Walter Brennan, in one of his best character roles, plays Eddie, the perpetually drunk ship's mate. Eddie has the annoying habit of asking each new person he meets, "Have you ever been stung by a dead bee?" In response to the other person's inevitable question, Eddie explains, "Even a dead bee can sting you if you step on it, especially if it was mad when it died."
Nine bishops of the Episcopal Church just got stung by a dead bee this week.
Bishops Edward L. Salmon, Jr., Peter H. Beckwith and Bruce MacPherson received word that a complaint had been filed against them under Title IV of the Episcopal Church's Canons for signing affidavits in opposition to a motion for Summary Judgment in the Episcopal Church's lawsuit in the Diocese of Quincy. In a similar action, Bishops Maurice M. Benitez, John W. Howe, Paul E. Lambert, William H. Love, Bruce MacPherson, Daniel H. Martins, and James M. Stanton were informed that a complaint was being brought against them for filing an Amicus Curiae (Friend of the Court) Brief in the Episcopal Church's lawsuit in the Supreme Court of Texas involving the Diocese of Fort Worth.
As Attorney Allan Haley (The Anglican Curmudgeon) notes, the Bishops are being charged merely for expressing an opinion that differs from the Episcopal Church's litigation strategy. I encourage you to read Mr. Haley's blog for an excellent analysis of all that this means. My concern is the most basic one: The Episcopal Church is now pressing charges against bishops (and could presumably press them against any member of the clergy) merely for expressing an opinion that differs from the Episcopal leadership's party line.
Is the Episcopal Church frightened that the disagreement of a few bishops could jeopardize its case? It cannot be argued that the Episcopal Church is taking this disciplinary action to keep the rest of its bishops in line. Of the nine bishops being charged, five are already retired; and there aren't any other bishops left in the Episcopal Church with the slightest inclination to question its litigation strategy. So where is the threat?
A sociologist has observed that one sign of a dying organization is that it will try to exercise increasingly tighter control over its shrinking membership.
Average Sunday attendance across the Episcopal church in 2010 was 657,831 in the United States. That compares to 856,579 in 2000 (a 23% decline in only ten years). In contrast the Anglican Church in North America now numbers over 1000 congregations and reported an increase in Average Sunday Attendance of 15% in one year (2010-2011). The ACNA also reported that 13% of its congregations were in the process of planting a church during 2011.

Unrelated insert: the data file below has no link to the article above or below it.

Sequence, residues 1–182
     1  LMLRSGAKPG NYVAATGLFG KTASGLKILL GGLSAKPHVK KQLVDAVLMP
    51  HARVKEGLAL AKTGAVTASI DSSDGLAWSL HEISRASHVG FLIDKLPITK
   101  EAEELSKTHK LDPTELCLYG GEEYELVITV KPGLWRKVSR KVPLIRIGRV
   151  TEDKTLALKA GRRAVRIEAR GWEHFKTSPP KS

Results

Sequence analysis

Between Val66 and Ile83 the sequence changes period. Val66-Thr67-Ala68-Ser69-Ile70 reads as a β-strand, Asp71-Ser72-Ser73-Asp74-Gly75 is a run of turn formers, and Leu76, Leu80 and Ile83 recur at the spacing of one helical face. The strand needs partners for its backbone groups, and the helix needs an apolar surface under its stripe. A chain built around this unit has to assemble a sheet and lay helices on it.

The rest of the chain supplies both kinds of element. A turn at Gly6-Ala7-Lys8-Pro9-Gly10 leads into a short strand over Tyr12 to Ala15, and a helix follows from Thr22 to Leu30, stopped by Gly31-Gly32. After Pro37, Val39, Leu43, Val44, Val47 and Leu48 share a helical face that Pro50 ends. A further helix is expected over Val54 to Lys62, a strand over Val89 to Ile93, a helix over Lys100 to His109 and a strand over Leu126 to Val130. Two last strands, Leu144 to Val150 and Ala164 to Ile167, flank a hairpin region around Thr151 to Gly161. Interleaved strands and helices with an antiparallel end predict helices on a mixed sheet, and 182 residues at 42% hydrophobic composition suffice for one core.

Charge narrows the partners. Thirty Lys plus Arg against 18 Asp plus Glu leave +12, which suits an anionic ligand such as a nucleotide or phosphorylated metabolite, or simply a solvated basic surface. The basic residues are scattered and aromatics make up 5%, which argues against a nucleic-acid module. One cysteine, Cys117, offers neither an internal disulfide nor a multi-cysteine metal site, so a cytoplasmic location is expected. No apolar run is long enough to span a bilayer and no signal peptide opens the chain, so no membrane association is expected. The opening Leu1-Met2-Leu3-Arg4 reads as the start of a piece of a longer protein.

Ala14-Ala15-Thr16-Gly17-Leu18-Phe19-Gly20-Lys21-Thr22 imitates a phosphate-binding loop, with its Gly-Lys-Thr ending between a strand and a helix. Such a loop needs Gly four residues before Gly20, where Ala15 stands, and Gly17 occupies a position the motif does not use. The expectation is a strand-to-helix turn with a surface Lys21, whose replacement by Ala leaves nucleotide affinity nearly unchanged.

My purpose is not to make much of these statistics other than to observe that all the signs of life seem to be on one side. Meanwhile the Episcopal Church is headed toward a General Convention in Indianapolis next week where it is sure to approve rites for blessing same sex marriages. The main reason this won't provoke a sizable exodus is that there aren't that many conservatives left to leave. There is a disagreement not merely over the denomination's budget but even how the budget should be presented and by whom. Then, for good measure, there is an official "Lament Over the Doctrine of Discovery" being thrown in, complete with prayers by the Presiding Bishop and the President of the House of Deputies. For the uninitiated, this means repenting for the fact that European settlers came to America.
The "Lament" is being described as:
A prayerful gathering, in a Sacred Circle,
with readings, stories, prayers, songs, reflection,
giving and receiving;
In acknowledgment of and response to the tragic consequences
of the Doctrine of Discovery;
Just for fun, try Googling the term "Sacred Circle" and notice how many of the results refer to anything even remotely Christian. (Hint: it's a nice round number, i.e., zero.)
I have had numerous discussions in recent years with Episcopal bishops, including most of the nine named above, against whom charges are now being preferred, regarding whether the Episcopal Church was salvageable or a lost cause, and about whether its present condition was the result of incompetence or active malignancy.
To these fathers in God I would simply say,
Beloved, do not be surprised at the fiery trial when it comes upon you to test you, as though something strange were happening to you. But rejoice insofar as you share Christ's sufferings, that you may also rejoice and be glad when his glory is revealed. If you are insulted for the name of Christ, you are blessed, because the Spirit of glory and of God rests upon you. (I Peter 4:12-14)With regard to these same bishops, I know that my thinking tends to be too "bottom line" oriented for those who have spent their entire lives in the Episcopal Church and who have become wedded to it through long and intimate association. In my reckoning, if the Episcopal Church is going to be out of business by 2050, it is already dying now; and we should not mistake its death throes for signs of life. Though the Episcopal Church still has the power to sting, it is only the sting of a dead bee.